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No signs of life yet

The question of whether life exists on other planets will always remain a curiosity as we continue venturing into space. Movies like "E.T." and "Alien" are just a couple examples of our fascination with such an idea. 

NASA, as our government space agency, is obviously curious as well. But we could be a step closer to answering such questions as NASA has found the first Earth-Size planet in the 'habitable zone' of another star. 

According to NASA, the Kepler Space Telescope found an Earth-sized planet orbiting a star in the habitable zone, which is the range of distance from a star where liquid water might collect on the surface of an orbiting planet -- meaning the possibility of life. 

The new planet has been dubbed Kepler-186f, and it is about 500 light-years from Earth in the constellation Cygnus. It orbits a star -- which is classified as an M dwarf, or red dwarf -- half the size and mass of our sun.

Kepler-186f orbits its star once every 130-days and receives one-third the energy from its star that Earth gets from the sun. This puts it near the outer edge of the habitable zone. 
The brightness of its star at high noon is only as bright as Earth's sun appears about an hour before sunset. Further, NASA isn't quite sure yet, but it believes Kepler-186f's surface rocky.

A sketch of Kepler-186f [SOURCE: NASA]

Kepler-186f isn't alone over there, though. It has four companion planets, called Kepler-186b, Kepler-186c, Kepler-186d, and Kepler-186e. They make their way around their sun every four, seven, 13, and 22 days respectively, and they're too hot for any life to exist on them. 
Size is key here. While planets have been discovered in the habitable zone before, they haven't been the same size as Earth, which makes it harder for us to understand fully. The four companion planets, for example, all measure less than 1.5 times the size of Earth. Also, previously discovered planets in the habitable zone were were at least 40 percent larger in size than Earth. 

With Kepler-186f being about the same size as Earth, we can have a clearer idea of behaviors, topography, etc. But as of right now, its mass and composition are unknown. 

Unfortunately, whether it contains other life is also unknown at this time. But it's always a worthy consideration when stumbling upon new planets in what are considered "habitable" areas. 

"The discovery of Kepler-186f is a significant step toward finding worlds like our planet Earth," said Paul Hertz, NASA's Astrophysics Division director at the agency's headquarters in Washington. "Future NASA missions, like the Transiting Exoplanet Survey Satellite and the James Webb Space Telescope, will discover the nearest rocky exoplanets and determine their composition and atmospheric conditions, continuing humankind's quest to find truly Earth-like worlds."

Source: NASA

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RE: Deep space is useless for now.
By shadow002 on 4/20/2014 12:55:26 PM , Rating: 2
check out India with it's 1.6 billion population or china clocking in at 1.3 billion....Just between those 2 contries, it's nearly half the worlds population, and china has had a policy( recently revoked after 30 years), where families were limited to having just 1 child and heavily fined if they had more.

Would be fun to watch the reaction in the rest of the world if the population continues to grow in western democratic countries, heck even if the USA that legally limited families to just one kid.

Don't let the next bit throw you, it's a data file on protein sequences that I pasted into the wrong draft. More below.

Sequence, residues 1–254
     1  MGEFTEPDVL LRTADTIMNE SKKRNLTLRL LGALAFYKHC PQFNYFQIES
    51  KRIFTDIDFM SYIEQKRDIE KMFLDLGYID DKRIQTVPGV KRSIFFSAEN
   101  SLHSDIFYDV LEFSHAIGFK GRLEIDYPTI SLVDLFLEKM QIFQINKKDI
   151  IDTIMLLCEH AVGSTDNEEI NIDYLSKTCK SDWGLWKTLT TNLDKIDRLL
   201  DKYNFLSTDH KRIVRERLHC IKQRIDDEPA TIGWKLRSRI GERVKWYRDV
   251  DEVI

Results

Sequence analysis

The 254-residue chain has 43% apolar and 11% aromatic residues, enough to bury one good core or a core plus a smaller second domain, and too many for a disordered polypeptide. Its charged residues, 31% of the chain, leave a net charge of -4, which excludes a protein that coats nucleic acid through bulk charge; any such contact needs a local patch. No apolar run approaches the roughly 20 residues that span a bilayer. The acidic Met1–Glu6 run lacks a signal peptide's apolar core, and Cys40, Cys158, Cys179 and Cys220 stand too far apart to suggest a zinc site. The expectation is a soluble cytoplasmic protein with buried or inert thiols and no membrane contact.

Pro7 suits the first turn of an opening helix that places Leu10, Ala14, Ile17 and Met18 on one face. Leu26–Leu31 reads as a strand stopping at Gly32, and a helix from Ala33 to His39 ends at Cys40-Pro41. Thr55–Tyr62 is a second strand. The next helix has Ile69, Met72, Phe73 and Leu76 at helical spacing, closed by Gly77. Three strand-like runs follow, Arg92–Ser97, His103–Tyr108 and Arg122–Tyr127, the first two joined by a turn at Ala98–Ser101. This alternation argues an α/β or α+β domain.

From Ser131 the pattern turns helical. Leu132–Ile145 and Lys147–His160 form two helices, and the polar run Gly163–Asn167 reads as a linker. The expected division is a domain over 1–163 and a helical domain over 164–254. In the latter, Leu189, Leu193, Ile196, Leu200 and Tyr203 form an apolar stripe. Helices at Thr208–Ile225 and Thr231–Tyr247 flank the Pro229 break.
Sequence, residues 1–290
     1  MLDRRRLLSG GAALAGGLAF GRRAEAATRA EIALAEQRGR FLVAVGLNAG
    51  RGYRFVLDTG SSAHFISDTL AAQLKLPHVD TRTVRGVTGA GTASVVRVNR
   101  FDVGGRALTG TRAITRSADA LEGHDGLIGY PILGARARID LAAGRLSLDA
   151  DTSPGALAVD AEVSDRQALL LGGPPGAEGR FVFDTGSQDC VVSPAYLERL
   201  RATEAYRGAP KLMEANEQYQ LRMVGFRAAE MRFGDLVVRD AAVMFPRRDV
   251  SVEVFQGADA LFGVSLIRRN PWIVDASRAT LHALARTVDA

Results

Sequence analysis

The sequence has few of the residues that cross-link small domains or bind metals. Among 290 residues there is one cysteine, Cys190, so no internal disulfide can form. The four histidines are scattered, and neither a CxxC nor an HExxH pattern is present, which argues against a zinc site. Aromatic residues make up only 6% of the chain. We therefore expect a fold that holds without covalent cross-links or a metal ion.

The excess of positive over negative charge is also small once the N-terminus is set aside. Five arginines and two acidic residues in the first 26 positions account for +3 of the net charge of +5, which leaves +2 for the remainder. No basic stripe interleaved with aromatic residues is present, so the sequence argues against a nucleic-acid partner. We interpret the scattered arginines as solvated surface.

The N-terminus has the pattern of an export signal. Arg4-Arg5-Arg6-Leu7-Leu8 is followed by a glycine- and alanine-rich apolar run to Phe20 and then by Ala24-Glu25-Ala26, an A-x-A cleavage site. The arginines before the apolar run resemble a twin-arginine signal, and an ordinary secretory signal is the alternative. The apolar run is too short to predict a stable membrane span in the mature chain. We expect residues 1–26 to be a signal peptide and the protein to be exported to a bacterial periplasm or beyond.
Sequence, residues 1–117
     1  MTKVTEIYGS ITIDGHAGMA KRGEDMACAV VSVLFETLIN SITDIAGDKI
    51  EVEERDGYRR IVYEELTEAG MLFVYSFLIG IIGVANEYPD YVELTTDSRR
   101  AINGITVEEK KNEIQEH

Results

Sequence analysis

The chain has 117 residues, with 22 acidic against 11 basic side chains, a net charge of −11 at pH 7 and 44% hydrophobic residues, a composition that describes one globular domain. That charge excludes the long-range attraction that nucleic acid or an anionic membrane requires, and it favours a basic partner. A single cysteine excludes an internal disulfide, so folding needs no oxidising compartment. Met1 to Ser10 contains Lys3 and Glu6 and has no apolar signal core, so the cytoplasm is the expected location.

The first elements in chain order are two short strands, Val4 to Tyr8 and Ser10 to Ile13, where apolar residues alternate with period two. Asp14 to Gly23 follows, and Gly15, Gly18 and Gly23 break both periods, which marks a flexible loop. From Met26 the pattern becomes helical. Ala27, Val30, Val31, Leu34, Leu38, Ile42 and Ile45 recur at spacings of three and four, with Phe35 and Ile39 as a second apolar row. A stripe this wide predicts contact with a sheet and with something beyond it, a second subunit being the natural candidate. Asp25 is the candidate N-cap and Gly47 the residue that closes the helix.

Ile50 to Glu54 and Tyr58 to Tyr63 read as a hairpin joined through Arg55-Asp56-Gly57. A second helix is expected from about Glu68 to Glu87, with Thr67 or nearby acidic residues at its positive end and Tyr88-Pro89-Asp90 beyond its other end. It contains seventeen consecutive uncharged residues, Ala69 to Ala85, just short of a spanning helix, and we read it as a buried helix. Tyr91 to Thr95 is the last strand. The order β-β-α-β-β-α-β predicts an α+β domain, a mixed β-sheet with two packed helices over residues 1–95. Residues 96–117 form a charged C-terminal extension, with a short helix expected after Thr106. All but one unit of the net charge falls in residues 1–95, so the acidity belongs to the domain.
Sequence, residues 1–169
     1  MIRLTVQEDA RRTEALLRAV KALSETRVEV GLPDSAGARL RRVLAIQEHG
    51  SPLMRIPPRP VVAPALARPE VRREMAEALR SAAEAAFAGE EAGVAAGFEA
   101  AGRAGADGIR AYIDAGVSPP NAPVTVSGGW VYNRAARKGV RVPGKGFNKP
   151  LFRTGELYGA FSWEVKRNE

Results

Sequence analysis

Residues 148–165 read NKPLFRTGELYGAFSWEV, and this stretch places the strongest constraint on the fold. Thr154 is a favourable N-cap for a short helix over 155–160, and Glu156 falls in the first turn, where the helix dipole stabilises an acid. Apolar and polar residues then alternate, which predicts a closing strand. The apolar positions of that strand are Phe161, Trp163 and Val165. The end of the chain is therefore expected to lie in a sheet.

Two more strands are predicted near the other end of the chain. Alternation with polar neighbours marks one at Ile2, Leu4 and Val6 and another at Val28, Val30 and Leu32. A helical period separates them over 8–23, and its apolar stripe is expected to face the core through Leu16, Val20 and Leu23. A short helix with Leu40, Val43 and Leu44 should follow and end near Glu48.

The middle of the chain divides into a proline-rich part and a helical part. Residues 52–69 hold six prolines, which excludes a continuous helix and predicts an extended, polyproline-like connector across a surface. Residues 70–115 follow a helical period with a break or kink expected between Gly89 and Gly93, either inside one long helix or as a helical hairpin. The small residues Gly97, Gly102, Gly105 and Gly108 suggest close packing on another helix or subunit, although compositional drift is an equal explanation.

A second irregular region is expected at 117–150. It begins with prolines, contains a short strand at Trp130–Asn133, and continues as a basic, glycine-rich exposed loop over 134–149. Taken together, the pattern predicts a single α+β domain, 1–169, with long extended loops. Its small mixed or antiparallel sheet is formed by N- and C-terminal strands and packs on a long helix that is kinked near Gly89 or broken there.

Would be a riot seeing politicians trying to get elected while supporting this policy for the good of the planet....Either way we will reach the limits of this one planet in terms of population, barring a major war breaking out that makes WW2 look like a joke, or some disease with no cure spreads out and kills a few billion.

RE: Deep space is useless for now.
By kypd275 on 4/20/2014 11:19:22 PM , Rating: 2
Except, you know, many of those "western democratic countries" are struggling just to sustain their population, with many keeping up only due to immigration.

The majority of the population increase is from undeveloped/developing nation. Maybe you should go tell Japan how they need to keep their population growth in check... :rolleyes:

RE: Deep space is useless for now.
By shadow002 on 4/21/2014 12:49:26 AM , Rating: 2
And why are they doing that?....Yup western families aren't having kids in as high a number as they used to, people are living longer because of better healthcare for the older generation, and that means increased costs on medicare and federal pensions too, so the government needs more tax money.

Hence making it easier for immigrants to come to their countries and settle down and have large families that eventually enter the workforce and pay taxes...

RE: Deep space is useless for now.
By kypd275 on 4/22/2014 1:42:19 AM , Rating: 2
Because in developed nations, having offspring is no longer an economic gain as they were in the old days where children represent extra labor and income generator, but is now an ever-increasingly large expense. There is little economic incentive to actually have children.

RE: Deep space is useless for now.
By Strunf on 4/22/2014 8:14:21 AM , Rating: 2
It's not just the economic factor, it's also a cultural thing, in the past people weren't so self-centered as they are today, if you say you stay at home to take care of your kids people will look at you as if you were stupid or something, in the past a successful family was a family that had many kids and could provide for them today it's not really the opposite but if you have many kids people find it weird and even wonder how you find time for yourself, as if taking care of your kids wasn't a fulfilling experience...

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